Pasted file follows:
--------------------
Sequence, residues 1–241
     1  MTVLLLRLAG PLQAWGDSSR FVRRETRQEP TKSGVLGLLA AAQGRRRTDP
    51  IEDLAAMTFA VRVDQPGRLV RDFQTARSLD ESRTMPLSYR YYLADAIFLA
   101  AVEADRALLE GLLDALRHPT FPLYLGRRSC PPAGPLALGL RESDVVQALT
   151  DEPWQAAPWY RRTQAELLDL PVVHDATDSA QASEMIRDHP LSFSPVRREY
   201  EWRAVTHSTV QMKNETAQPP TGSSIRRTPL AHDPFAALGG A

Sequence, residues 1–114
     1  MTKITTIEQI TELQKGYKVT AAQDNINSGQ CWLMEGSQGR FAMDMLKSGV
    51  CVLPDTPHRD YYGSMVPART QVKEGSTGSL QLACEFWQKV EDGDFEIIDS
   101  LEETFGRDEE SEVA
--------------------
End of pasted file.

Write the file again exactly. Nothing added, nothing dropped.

Sequence, residues 1–241
     1  MTVLLLRLAG PLQAWGDSSR FVRRETRQEP TKSGVLGLLA AAQGRRRTDP
    51  IEDLAAMTFA VRVDQPGRLV RDFQTARSLD ESRTMPLSYR YYLADAIFLA
   101  AVEADRALLE GLLDALRHPT FPLYLGRRSC PPAGPLALGL RESDVVQALT
   151  DEPWQAAPWY RRTQAELLDL PVVHDATDSA QASEMIRDHP LSFSPVRREY
   201  EWRAVTHSTV QMKNETAQPP TGSSIRRTPL AHDPFAALGG A

Sequence, residues 1–114
     1  MTKITTIEQI TELQKGYKVT AAQDNINSGQ CWLMEGSQGR FAMDMLKSGV
    51  CVLPDTPHRD YYGSMVPART QVKEGSTGSL QLACEFWQKV EDGDFEIIDS
   101  LEETFGRDEE SEVA